The 2010 census list 10 residents in Centralia, down from more than 1,000 in 1981. In 2013, officials decided to let the remaining residents live out the rest of their lives there, like they’re Silent Hillcosplayers or something. Experts say the fire can’t stop/won’t stop for at least another 200 years.
Times Beach, Missouri: Accidentally Poisoned by City Officials
In 1982, after the release of a leaked EPA document revealing the chemical company’s shady dealings, the CDC tested the town and found it essentially unlivable. The state and federal government eventually bought out the town for $36.7 million, paying the owners of 800 residential properties and 30 businesses to leave. The area was quarantined for a long time: the EPA didn’t totally clean it up until 1997, at the cost of $200 million. Today, it’s home to Route 66 State Park.
Wittenoom, Australia: Asbestos Poisoning
Despite the now-obvious dangers of asbestos exposure – one 2012 study, for example, showed that “adults who had lived in Wittenoom as children when the mine was active were between 20% and 83% more likely to die from cancer than the rest of the population” – there were still a couple of people living in the area in December of 2015, according to the Guardian.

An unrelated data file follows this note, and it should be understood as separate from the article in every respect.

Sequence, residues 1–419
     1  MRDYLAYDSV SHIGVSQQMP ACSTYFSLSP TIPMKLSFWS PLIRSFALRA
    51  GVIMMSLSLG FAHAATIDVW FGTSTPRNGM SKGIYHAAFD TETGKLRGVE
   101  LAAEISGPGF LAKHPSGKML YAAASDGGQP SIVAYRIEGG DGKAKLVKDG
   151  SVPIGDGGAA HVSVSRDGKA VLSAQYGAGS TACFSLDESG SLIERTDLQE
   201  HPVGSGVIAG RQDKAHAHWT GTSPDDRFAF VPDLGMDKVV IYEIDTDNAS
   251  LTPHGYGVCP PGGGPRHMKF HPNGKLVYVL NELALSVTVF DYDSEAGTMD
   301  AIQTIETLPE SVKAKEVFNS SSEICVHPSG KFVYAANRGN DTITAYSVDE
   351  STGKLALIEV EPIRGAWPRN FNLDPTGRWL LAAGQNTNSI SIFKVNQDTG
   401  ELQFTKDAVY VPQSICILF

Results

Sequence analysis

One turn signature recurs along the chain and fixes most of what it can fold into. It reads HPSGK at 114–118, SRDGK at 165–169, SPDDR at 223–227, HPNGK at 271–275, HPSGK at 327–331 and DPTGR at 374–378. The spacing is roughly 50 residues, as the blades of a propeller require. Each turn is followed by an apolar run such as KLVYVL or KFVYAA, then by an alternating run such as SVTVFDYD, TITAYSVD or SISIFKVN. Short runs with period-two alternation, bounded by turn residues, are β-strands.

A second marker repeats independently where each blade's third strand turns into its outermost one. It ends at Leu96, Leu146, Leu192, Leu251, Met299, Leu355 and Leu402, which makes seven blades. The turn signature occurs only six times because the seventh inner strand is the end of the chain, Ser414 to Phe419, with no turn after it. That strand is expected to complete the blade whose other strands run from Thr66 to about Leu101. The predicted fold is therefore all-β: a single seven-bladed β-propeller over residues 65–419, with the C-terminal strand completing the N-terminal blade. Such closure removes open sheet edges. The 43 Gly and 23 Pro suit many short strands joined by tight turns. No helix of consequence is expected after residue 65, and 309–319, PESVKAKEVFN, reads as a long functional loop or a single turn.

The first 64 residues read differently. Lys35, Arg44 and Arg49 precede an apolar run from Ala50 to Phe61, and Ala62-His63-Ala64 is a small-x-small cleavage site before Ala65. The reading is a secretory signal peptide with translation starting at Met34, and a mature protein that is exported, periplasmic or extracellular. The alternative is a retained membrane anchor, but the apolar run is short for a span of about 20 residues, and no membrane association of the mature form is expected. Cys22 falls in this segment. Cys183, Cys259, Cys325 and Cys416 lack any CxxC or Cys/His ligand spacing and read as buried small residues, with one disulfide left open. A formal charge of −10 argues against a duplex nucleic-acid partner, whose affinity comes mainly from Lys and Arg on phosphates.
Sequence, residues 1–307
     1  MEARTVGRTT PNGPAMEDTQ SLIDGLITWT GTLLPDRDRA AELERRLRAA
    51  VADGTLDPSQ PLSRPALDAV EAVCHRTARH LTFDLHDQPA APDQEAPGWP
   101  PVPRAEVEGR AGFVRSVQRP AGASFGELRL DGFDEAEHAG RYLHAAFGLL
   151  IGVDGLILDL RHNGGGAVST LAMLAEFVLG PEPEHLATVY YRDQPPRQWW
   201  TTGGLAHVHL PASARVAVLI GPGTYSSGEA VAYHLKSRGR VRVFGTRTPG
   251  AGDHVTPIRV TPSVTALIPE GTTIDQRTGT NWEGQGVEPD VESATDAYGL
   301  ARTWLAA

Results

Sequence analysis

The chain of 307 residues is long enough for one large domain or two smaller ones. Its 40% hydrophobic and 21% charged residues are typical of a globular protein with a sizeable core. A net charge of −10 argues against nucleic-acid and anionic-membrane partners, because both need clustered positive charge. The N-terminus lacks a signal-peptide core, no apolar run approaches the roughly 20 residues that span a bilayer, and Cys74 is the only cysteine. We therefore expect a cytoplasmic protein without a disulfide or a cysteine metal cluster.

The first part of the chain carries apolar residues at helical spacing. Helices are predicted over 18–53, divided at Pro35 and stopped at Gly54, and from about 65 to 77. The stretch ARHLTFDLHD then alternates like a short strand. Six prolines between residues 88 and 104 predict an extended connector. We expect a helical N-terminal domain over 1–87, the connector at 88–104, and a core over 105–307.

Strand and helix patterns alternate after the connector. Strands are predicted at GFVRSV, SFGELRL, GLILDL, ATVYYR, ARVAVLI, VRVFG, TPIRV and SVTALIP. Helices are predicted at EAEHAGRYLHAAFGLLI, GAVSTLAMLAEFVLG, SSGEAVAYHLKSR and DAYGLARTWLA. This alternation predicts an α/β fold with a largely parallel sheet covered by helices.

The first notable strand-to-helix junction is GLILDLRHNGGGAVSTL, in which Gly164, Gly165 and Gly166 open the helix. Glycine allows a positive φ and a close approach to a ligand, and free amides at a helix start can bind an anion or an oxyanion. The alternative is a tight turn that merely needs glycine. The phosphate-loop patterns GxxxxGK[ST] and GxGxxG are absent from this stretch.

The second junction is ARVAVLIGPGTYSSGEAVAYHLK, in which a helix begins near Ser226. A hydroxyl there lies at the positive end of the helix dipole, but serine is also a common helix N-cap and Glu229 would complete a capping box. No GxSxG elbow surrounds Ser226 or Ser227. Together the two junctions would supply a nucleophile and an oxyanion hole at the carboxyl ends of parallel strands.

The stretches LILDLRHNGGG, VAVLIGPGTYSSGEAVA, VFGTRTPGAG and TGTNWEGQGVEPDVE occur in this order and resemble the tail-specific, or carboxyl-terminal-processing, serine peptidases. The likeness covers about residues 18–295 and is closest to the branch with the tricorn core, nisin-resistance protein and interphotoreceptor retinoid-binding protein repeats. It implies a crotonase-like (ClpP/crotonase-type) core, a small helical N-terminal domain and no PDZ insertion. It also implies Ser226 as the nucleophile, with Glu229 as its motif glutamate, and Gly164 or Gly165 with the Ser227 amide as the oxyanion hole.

Hashima, Japan: Abandoned After All the Coal Was Mined
In 1959, Hashima was packed: 5,259 people called it home, making it one of the most densely populated places on earth at the time, according to CNN. With gas quickly becoming the primary fuel source in Japan and the coal reserves running out, Mitsubishi closed the mines in 1974, quickly turning the island into a ghost town. Tourists looking to tour the ruins today need “permission from the Nagasaki City Council and a compelling reason for going inside.”
Pyramiden, Norway: An Economic Crash and a Plane Crash
Two crashes effectively put an end to Pyramiden. The first was the crash of the Russian economy after the dissolution of the Soviet Union, leading to low salaries and poor standards of living. The second was an actual plane crash: in 1996, Arktikugol chartered a plane from Moscow to nearby Longyearbyen full of Pyramiden workers and their families that crashed outside of Longyearbyen, killing all 141 passengers.